Nurses take lead role in battle to help people with addictions
AN INNOVATIVE project has put nurses at the forefront of a fight to tackle addiction in Argyll and Bute.
The specialist team of nurses is working in partnership with a number of other experts to combat the problem of drugs in the area. In particular, there is growing concern about the prevalence of so- called party drugs and legal highs, which have now been banned.
NHS Highland employs nurses to work in a variety of roles, including a new dedicated Argyll and Bute Addiction Team (ABAT).
The team covers the whole of Argyll and Bute to help individuals overcome substance misuse issues.
Team leader Leslie Mackay said: ‘We work with adults from the age of 16 who are having problems with substance misuse. The team consists of 17 nurses, four social workers, two support workers and a consultant psychiatrist working throughout Argyll and Bute.
‘One of our nurses specialises in harm reduction, and they work alongside the consultant across the whole patch, whereas the rest of the team work in smaller groups dedicated to each area of Argyll and Bute.
‘Individuals are referred to our service by their GP, and we conduct a comprehensive assessment to identify the most appropriate service for them to work with. We then tailor a recovery plan specific to them to support them to overcome their addiction.’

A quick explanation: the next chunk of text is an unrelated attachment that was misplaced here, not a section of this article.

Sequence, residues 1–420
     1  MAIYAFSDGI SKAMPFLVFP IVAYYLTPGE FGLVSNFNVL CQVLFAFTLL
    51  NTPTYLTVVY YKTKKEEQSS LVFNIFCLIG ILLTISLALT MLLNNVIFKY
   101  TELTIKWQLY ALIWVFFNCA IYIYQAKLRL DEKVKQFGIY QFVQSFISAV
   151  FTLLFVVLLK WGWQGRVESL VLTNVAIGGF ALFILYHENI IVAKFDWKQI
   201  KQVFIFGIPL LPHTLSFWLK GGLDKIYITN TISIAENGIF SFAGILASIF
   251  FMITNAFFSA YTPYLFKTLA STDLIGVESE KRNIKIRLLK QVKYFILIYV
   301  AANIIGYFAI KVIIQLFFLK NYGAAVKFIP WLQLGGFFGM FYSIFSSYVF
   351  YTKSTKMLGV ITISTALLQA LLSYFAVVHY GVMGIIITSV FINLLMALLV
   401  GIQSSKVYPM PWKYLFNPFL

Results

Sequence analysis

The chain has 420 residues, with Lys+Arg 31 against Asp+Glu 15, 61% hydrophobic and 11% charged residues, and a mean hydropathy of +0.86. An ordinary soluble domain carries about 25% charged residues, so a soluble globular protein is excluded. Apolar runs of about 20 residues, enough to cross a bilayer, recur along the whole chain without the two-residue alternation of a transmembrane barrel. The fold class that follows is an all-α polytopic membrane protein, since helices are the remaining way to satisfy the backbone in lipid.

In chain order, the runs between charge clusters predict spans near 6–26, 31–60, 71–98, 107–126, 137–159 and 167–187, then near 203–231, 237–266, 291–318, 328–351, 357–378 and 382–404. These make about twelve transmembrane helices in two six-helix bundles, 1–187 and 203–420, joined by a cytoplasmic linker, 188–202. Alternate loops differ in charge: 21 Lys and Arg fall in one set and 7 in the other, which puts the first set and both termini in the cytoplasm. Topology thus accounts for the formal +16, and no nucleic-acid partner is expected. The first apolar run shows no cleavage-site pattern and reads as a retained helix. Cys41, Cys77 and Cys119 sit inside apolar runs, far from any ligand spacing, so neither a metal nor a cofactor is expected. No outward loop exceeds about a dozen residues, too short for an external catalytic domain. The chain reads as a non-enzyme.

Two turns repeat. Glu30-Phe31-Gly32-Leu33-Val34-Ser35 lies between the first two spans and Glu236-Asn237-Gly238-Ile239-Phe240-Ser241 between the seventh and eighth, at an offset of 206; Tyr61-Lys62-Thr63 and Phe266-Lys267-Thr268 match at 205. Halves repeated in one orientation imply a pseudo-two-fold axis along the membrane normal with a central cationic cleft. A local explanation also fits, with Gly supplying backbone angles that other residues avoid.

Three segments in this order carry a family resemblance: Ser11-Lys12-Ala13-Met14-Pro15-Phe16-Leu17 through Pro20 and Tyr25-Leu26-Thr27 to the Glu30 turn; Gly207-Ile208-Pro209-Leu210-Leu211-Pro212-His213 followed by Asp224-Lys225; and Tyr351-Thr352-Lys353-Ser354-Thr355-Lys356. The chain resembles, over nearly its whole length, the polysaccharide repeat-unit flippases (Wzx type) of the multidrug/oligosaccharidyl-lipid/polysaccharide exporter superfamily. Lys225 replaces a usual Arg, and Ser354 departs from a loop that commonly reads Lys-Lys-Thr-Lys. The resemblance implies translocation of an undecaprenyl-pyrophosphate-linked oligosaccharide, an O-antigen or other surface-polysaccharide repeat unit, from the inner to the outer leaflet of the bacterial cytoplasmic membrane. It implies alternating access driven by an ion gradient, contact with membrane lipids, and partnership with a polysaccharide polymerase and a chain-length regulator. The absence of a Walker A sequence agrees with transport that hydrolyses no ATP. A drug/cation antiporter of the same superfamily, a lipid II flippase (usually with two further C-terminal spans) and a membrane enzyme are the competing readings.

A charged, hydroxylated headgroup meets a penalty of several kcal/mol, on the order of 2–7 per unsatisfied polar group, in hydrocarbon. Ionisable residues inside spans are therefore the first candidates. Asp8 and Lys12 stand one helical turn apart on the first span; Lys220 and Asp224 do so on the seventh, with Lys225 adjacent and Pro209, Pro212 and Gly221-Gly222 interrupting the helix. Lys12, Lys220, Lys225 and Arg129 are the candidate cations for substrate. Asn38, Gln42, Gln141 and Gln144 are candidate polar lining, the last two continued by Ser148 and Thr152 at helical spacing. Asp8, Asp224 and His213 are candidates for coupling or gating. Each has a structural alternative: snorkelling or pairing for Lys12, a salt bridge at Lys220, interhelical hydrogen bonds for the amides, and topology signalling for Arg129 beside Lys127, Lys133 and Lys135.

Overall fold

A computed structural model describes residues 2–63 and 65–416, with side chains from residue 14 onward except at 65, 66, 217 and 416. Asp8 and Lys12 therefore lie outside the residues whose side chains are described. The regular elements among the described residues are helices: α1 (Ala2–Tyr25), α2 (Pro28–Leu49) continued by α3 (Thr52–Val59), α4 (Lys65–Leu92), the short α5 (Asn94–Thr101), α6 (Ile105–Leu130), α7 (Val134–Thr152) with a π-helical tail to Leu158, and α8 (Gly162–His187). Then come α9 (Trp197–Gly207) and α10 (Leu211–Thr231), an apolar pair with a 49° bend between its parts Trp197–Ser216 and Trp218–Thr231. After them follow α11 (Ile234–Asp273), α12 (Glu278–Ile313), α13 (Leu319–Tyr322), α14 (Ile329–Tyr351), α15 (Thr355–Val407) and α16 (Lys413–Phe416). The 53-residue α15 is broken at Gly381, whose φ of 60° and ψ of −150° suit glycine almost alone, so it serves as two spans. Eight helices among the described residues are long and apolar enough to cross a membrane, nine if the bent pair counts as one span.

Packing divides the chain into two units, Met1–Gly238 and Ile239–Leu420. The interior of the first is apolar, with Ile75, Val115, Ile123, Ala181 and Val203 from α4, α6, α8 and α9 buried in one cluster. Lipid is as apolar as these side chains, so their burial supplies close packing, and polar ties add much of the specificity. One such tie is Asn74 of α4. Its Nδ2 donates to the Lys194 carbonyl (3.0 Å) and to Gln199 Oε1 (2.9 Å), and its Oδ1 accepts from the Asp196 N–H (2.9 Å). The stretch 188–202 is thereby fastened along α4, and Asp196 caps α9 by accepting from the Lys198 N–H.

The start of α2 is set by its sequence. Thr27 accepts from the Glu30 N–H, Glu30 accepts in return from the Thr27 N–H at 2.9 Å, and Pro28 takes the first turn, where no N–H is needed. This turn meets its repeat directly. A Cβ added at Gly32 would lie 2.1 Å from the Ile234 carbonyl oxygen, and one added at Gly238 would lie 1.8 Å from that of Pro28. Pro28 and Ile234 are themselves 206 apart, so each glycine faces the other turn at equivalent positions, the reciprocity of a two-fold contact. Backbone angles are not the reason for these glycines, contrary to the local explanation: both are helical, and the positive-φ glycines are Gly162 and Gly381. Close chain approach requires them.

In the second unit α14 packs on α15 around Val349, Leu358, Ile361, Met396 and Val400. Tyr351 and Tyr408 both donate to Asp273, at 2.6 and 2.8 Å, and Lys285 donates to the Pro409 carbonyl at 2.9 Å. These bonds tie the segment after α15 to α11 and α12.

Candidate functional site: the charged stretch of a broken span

The team works with clients to help them overcome addiction to alcohol and drugs. The rise in the use of new psychoactive substances (NPS), or so- called legal highs, has presented a new challenge for Leslie and her team to tackle.
Leslie explained: ‘ We have a number of services that we can offer people, including psychological support, coping skills and residential rehabilitation. When people are referred to us with drug or alcohol addiction, we have an established process of detoxification and understand the signs and symptoms to look out for.
‘However, the rise in NPS has posed problems for us, as we can never be sure what they have taken or what it contains. We know how to work with things like heroin or alcohol but we are determined to establish ways to help people beat their addiction to these so- called legal highs.’
Leslie has worked in her current role for the past five years and her role covers Oban, Mid-Argyll, Kintyre and the islands. The geography of her patch presents its own challenge but also offers Leslie a chance to build strong working relationships.
She said: ‘It’s no big secret that remote and rural working can be challenging, especially in Argyll and Bute.
‘Being so isolated from other parts of the country can make partnership working difficult but we always find a way to cope.
‘I have a dedicated, hardworking team who are great. We learn so much from one another and we have a passion to help people. It’s an absolute privilege to be a part of a person’s recovery journey and it is extremely satisfying to see someone turn a corner in relation to their addiction issues.
‘Such inner strength can be hard to find when someone is battling addiction to alcohol, drugs or NPS, and it is very rewarding to know that you played a part in their recovery.’
For further information on ABAT, contact Leslie on 01546 605602 or go to www.nhshighland.scot.nhs.uk, www.twitter. com/nhshighland or www. facebook.com/nhshighland.